Darris Means, 2015 Dissertation of the Year
Clearinghouse is pleased to announce that Darris Means has won the Jon C. Dalton Institute on College Student Values Dissertation Award. This award goes to the author of an outstanding doctoral dissertation relevant to the field of college student character and values development.
Dr. Darris Means is an assistant professor in the Department of Counseling and Human Development Services at the University of Georgia. He primarily works with graduate students in the College Student Affairs Administration Programs (M.Ed., Ed.D., and Ph.D. students). Dr. Means’ research and scholarship focus on diversity, equity, and inclusion in K-12 and higher education contexts. He has worked in several areas of higher education and student affairs, including college access and success; fraternity and sorority life; and multicultural affairs. He is the recipient of several awards, including the American Association for Blacks in Higher Education First Place Dissertation Award (2014); ACPA’s Standing Committee for LGBT Awareness Research Recognition Award (2014); Elon University’s Young Alumnus of the Year Award (2013); and the Southern Association for College Student Affairs Bobby E. Leach Award (2011). Dr. Means earned his Bachelor of Arts in Sociology and Political Science from Elon University. He went on to earn his M.Ed. in Counselor Education with a focus in Student Affairs from Clemson University. In 2014, he earned his Ph.D. in Educational Research and Policy Analysis with a focus in Higher Education.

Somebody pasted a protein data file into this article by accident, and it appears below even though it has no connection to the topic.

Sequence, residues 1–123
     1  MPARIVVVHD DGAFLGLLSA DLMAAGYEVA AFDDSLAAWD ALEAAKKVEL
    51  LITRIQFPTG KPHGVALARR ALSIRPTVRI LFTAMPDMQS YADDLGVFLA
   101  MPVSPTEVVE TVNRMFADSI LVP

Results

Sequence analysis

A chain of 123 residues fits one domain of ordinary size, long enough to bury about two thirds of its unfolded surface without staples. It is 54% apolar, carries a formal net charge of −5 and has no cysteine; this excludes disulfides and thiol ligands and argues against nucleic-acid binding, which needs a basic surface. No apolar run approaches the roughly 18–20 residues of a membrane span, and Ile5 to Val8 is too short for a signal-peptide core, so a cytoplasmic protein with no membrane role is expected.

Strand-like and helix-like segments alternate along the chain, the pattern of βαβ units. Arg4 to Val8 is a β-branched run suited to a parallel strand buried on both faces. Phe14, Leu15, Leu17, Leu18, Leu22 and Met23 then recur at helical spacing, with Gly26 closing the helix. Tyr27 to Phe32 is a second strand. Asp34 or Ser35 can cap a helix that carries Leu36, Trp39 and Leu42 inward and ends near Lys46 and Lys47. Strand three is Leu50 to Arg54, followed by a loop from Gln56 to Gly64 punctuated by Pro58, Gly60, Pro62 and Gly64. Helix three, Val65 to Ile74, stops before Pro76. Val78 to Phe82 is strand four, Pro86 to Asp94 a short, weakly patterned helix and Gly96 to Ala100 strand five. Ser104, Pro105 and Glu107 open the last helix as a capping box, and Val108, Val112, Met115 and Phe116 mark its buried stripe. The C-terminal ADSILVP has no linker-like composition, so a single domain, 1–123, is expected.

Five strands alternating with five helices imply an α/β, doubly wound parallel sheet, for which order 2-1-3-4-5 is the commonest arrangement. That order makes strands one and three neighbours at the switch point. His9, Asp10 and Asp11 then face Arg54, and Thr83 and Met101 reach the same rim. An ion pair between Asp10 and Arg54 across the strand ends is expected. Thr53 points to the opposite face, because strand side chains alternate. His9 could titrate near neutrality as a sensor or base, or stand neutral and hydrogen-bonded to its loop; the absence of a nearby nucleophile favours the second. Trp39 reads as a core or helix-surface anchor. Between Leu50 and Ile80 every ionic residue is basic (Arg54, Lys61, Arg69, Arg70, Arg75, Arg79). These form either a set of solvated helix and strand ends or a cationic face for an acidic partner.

Dissertation Title: Demonized No More: The Spiritual Journeys and Spaces of Black Gay Male College Students at Predominantly White Institutions
Dissertation in Brief: Spirituality plays a significant role in the lives of college students (Astin, Astin, & Lindholm, 2011; Bryant, Choi, & Yasuno, 2003; Chickering, 2006; Parks, 2000). However, Black gay males are uniquely positioned with regards to spirituality given how race, gender, and sexual orientation are generally perceived and experienced in U.S. society. Unfortunately, current research has overall excluded the spiritual experiences of Black gay male college students. The purpose of this qualitative study was to explore the spiritual journeys and spaces of Black gay male college students who attend predominantly White institutions. This study used Abes’ (2009, 2012) “theoretical borderlands” concept as a framework by employing two theoretical frameworks—constructivism and quare theory—to design the study, collect data, and analyze the data. Data collection involved interviews, field observations, and photovoice. Data were analyzed by first utilizing a constructivism lens, specifically self-authorship. Data were next analyzed by using a quare theory lens. The two theoretical frameworks were then applied to one case study to understand how the two frameworks worked together to inform the spiritual journey and spaces of one Black gay male college student. Major findings included: (a) the students perceived spirituality to be connected with their own religion but also connected to nature, science, and music; (b) the students experienced a spiritual trajectory along epistemological, intrapersonal, and interpersonal dimensions as they became authors of their own spirituality; (c) the students experienced homophobia, racism, sexism, and classism during their spiritual journeys and in spiritual spaces; and (d) several students were able to resist the oppression during their spiritual journey by resisting homophobia and racism in dominant spaces and creating spiritual counterspaces. The significance of the findings have implications for practice, policy, theory, and future research.